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ARE EXPOSURE PREDICTIONS, USED FOR THE PRIORITISATION OF PHARMACEUTICALS IN THE ENVIRONMENT, FIT FOR PURPOSE?

Overview of attention for article published in Environmental Toxicology & Chemistry, May 2017
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Mentioned by

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4 tweeters

Citations

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21 Dimensions

Readers on

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80 Mendeley
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Title
ARE EXPOSURE PREDICTIONS, USED FOR THE PRIORITISATION OF PHARMACEUTICALS IN THE ENVIRONMENT, FIT FOR PURPOSE?
Published in
Environmental Toxicology & Chemistry, May 2017
DOI 10.1002/etc.3842
Pubmed ID
Authors

Burns, Emily E., Thomas‐Oates, Jane, Kolpin, Dana W., Furlong, Edward T., Boxall, Alistair B.A., Emily E. Burns, Jane Thomas‐Oates, Dana W. Kolpin, Edward T. Furlong, Alistair B.A Boxall

Abstract

Prioritisation methodologies are often used for identifying those pharmaceuticals that pose the greatest risk to the natural environment and to focus laboratory testing or environmental monitoring towards pharmaceuticals of greatest concern. Risk-based prioritisation approaches, employing models to derive exposure concentrations, are commonly used but the reliability of these models is unclear. The present study evaluated the accuracy of exposure models commonly used for pharmaceutical prioritisation. Targeted monitoring was conducted for 95 pharmaceuticals in the Rivers Foss and Ouse in the City of York, UK. Predicted environmental concentration (PEC) ranges were estimated based on localised prescription, hydrological data, reported metabolism and wastewater treatment plant (WwTP) removal rates, and were compared to measured environmental concentrations (MECs). For the River Foss, PECs, obtained using highest metabolism and lowest WwTP removal, were similar to MECs. In contrast, this trend was not observed for the River Ouse, possibly due to pharmaceutical inputs beyond our modelling. Pharmaceuticals were ranked by risk based on either MECs or PECs. With two exceptions (dextromethorphan and diphenhydramine), risk ranking based on both MECs and PECs produced similar results in the River Foss. Overall, these findings indicate that PECs may well be appropriate for prioritisation of pharmaceuticals in the environment when robust and local data on the system of interest are available and reflective of most source inputs to the system. This article is protected by copyright. All rights reserved.

Twitter Demographics

The data shown below were collected from the profiles of 4 tweeters who shared this research output. Click here to find out more about how the information was compiled.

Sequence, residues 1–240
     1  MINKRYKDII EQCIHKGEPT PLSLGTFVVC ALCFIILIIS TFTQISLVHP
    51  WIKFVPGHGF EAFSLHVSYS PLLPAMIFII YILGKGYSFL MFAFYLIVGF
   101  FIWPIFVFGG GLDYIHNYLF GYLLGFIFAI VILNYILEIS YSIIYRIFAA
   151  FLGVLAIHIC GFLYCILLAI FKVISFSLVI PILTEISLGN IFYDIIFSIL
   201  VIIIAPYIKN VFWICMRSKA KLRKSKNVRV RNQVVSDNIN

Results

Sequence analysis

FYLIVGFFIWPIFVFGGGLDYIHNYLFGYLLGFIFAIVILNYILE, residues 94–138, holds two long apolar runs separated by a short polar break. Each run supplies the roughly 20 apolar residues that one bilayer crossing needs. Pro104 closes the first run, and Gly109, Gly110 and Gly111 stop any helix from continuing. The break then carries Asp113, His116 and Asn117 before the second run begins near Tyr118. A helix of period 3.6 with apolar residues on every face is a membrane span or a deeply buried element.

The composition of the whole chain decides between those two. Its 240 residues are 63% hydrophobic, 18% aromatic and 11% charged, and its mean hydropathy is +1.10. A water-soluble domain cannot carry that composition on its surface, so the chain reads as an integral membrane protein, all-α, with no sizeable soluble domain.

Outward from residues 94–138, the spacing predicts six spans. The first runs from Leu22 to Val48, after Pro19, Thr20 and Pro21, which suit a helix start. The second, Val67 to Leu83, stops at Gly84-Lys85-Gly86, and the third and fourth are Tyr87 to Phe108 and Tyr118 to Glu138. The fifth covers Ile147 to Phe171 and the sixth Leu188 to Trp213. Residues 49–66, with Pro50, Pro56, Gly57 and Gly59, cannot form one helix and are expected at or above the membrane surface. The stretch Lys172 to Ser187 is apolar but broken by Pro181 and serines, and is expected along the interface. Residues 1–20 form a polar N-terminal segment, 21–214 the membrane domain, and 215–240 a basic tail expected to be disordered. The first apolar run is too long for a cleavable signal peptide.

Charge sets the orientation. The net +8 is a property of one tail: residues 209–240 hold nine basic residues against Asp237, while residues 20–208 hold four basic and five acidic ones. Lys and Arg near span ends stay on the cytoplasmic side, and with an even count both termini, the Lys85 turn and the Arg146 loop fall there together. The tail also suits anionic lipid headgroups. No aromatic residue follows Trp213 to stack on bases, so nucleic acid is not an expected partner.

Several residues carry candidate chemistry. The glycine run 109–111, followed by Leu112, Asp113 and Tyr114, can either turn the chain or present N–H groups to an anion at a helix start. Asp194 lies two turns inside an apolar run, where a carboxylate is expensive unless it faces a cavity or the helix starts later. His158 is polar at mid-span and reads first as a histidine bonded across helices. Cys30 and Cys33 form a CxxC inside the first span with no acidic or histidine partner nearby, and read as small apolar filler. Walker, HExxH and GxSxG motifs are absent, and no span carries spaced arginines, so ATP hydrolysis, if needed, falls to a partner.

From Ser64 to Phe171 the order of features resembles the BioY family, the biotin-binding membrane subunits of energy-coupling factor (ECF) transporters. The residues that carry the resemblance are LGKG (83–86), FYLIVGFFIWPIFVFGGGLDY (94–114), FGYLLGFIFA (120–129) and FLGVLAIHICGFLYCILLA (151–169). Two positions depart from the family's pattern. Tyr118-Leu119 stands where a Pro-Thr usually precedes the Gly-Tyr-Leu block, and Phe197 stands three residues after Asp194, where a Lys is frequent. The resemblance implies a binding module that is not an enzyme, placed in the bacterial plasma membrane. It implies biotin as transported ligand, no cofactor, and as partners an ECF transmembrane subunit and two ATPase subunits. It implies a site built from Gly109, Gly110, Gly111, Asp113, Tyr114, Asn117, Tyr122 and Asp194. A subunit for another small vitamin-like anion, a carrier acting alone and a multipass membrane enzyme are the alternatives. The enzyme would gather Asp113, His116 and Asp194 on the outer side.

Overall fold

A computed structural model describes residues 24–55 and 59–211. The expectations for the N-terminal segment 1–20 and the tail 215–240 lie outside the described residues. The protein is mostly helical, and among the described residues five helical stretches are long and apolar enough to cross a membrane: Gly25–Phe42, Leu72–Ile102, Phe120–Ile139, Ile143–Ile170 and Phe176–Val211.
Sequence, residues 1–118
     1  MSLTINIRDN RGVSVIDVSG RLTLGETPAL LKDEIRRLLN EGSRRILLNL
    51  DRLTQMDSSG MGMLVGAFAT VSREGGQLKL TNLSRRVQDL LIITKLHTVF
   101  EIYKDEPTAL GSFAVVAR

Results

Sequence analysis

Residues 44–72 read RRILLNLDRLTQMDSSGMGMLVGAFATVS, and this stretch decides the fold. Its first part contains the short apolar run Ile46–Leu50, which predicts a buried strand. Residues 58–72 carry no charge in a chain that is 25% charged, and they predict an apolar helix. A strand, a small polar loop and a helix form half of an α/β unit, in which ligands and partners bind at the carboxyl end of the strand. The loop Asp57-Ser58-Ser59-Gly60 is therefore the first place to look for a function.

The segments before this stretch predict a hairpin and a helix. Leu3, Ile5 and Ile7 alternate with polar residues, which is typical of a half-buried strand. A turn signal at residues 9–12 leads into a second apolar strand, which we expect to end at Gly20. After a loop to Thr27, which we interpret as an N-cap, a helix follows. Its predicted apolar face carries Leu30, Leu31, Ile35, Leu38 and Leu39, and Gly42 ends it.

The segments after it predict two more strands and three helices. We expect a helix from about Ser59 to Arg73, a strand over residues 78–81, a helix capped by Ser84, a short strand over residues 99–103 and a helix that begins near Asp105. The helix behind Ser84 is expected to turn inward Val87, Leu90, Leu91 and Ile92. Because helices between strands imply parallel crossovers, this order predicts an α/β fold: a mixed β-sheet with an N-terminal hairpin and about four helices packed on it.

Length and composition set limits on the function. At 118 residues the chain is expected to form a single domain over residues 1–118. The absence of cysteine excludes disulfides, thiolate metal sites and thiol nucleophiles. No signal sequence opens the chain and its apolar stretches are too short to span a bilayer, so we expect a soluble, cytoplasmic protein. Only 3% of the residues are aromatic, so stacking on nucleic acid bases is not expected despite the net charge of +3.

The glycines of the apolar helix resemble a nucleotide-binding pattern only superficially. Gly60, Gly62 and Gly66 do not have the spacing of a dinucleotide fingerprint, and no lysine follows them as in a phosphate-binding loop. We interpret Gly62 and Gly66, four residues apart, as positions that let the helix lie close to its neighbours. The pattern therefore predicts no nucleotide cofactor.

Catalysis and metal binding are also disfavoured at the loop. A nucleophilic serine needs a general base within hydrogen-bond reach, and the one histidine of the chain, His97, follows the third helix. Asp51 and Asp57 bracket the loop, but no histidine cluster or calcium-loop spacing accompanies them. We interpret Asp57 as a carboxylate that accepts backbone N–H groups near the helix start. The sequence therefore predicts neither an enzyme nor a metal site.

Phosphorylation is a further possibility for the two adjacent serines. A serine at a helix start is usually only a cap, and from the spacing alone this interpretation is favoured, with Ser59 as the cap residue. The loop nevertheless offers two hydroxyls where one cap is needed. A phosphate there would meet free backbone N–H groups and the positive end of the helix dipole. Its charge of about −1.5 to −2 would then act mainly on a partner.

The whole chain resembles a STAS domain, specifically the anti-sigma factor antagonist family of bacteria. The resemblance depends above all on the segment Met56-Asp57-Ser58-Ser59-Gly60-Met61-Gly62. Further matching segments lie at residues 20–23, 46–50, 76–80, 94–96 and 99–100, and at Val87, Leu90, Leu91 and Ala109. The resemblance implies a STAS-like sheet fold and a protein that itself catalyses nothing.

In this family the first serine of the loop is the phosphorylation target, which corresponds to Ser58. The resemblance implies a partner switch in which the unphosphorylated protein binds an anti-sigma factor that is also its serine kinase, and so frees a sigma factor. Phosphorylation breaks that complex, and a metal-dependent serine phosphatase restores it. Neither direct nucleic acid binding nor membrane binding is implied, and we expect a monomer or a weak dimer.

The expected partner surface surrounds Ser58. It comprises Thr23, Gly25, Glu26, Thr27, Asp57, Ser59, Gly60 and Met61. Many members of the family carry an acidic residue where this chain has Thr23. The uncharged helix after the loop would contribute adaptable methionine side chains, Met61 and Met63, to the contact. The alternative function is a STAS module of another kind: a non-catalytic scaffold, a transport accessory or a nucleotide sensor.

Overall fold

Mendeley readers

The data shown below were compiled from readership statistics for 80 Mendeley readers of this research output. Click here to see the associated Mendeley record.

Geographical breakdown

Country Count As %
Unknown 80 100%

Demographic breakdown

Readers by professional status Count As %
Student > Ph. D. Student 27 34%
Researcher 13 16%
Student > Bachelor 11 14%
Student > Master 9 11%
Student > Doctoral Student 5 6%
Other 7 9%
Unknown 8 10%
Readers by discipline Count As %
Environmental Science 33 41%
Chemistry 10 13%
Agricultural and Biological Sciences 7 9%
Biochemistry, Genetics and Molecular Biology 5 6%
Pharmacology, Toxicology and Pharmaceutical Science 3 4%
Other 11 14%
Unknown 11 14%

Attention Score in Context

This research output has an Altmetric Attention Score of 2. This is our high-level measure of the quality and quantity of online attention that it has received. This Attention Score, as well as the ranking and number of research outputs shown below, was calculated when the research output was last mentioned on 25 September 2017.
All research outputs
#9,079,093
of 15,822,401 outputs
Outputs from Environmental Toxicology & Chemistry
#2,881
of 4,585 outputs
Outputs of similar age
#129,029
of 267,748 outputs
Outputs of similar age from Environmental Toxicology & Chemistry
#24
of 73 outputs
Altmetric has tracked 15,822,401 research outputs across all sources so far. This one is in the 41st percentile – i.e., 41% of other outputs scored the same or lower than it.
So far Altmetric has tracked 4,585 research outputs from this source. They receive a mean Attention Score of 4.7. This one is in the 34th percentile – i.e., 34% of its peers scored the same or lower than it.
Older research outputs will score higher simply because they've had more time to accumulate mentions. To account for age we can compare this Altmetric Attention Score to the 267,748 tracked outputs that were published within six weeks on either side of this one in any source. This one has gotten more attention than average, scoring higher than 50% of its contemporaries.
We're also able to compare this research output to 73 others from the same source and published within six weeks on either side of this one. This one has gotten more attention than average, scoring higher than 58% of its contemporaries.